Tuesday, September 18, 2012

a Greco-Roman Letter of Recommendation and Paul's Letter to Philemon

Letter of recommendation written in Latin
 P.Ryl. 608 John Rylands Library

When one goes for a job it is common to be asked to provide a few letters of reference or recommendation. We do this to have someone vouch for our character and skills as a potential employee. In the Greco-Roman period similar letters were used, but not just for employment purposes. Often times they were also letters of introduction.

The letter of recommendation provided an opportunity for one person, to make an introduction to another, on behalf of a third party.  The purpose of the letter was to provide the one being recommended with credentials or to request a favor of the recipient.  Often the person being recommended was the carrier of the letter so that the writer created a fictional face to face introduction between himself and the recipient.

Paul constructed a letter to Philemon that is similar in structure, phraseology, and purpose to that of the Greek letter of recommendation.  Because Paul's intention was not to introduce Onesimus to Philemon, but restore a damaged relationship between them, the letter is best classified as a letter of mediation.  Paul's approach to the letter was done in an eclectic manner drawing from recognized techniques that were combined with the common features of Christian epistles.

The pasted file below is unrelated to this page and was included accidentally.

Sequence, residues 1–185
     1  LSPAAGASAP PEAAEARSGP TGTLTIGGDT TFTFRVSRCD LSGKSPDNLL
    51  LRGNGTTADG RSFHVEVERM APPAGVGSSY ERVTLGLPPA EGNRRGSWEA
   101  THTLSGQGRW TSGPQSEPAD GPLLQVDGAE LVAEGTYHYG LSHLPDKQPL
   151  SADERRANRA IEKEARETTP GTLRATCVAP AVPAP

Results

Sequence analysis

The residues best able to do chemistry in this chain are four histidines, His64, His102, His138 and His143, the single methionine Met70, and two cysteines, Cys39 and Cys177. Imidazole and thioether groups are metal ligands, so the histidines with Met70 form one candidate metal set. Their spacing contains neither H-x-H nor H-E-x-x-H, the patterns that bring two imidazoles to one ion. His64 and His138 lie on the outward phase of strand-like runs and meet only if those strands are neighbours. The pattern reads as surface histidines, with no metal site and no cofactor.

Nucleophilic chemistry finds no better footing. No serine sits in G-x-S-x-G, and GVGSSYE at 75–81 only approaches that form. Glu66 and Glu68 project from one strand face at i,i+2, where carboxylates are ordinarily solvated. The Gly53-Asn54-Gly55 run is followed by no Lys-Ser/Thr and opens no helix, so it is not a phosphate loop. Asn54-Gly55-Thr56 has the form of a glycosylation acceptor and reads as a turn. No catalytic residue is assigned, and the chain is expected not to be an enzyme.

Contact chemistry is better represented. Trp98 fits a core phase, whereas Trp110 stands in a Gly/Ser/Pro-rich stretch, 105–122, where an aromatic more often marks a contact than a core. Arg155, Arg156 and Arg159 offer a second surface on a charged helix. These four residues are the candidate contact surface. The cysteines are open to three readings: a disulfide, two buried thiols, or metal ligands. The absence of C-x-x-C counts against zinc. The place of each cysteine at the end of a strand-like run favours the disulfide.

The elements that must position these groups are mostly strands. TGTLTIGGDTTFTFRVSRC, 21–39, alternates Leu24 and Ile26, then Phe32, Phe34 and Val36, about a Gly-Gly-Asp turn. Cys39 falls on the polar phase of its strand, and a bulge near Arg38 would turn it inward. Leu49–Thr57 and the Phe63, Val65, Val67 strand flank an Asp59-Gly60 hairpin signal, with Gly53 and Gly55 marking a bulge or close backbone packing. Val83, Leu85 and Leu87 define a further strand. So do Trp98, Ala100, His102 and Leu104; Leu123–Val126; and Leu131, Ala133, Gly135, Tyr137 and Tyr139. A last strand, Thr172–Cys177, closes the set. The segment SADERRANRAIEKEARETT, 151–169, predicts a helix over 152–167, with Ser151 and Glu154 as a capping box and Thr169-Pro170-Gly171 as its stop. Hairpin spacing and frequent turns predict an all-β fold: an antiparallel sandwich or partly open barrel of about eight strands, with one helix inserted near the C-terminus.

Over at the John Rylands Library blog a letter of a papyrus fragment of a letter of recommendation has been posted. I thought I would bring it readers’ attention since, like Paul’s letter to Philemon, it is written on behalf of a slave. It is interesting that the slave, like Onesimus, is said to be dear to the letter writer. It is also interesting that anything that the recipient does for the slave will make the writer happy. 

Here is a translation of the letter.

…ius Celer to his Hermeros, greetings.
Allow me, sir, to commend to your notice …on, a slave of our lord the emperor, a member of my household and dear to me. He is most deserving of advancement and of your favour, and I do not disguise that any service you can render him in his career will be most welcome to me.
Farewell

(Address on the verso)
To Tiberius Claudius Hermeros imperial procuratorGiven in Panopolis by Celer the architect

You can see read the full post here


6 comments:

  1. I wish I could travel back to the first century and take a tour of the "eclectic manor" in which Paul wrote his letters.

    ;^)

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    Replies
    1. Thanks Beau. I had missed that one. :)

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    2. My favorite typos are those that have a serendipitous meaning of their own.

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  2. How can I get someone to write a letter of recommendation like that? Hmmm?

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  3. The need and demand to write effective letters has existed for long as a means of communication between two individuals. It holds a key importance in all aspects of life including social, personal, and professional. letter of recommendation for medical school

    ReplyDelete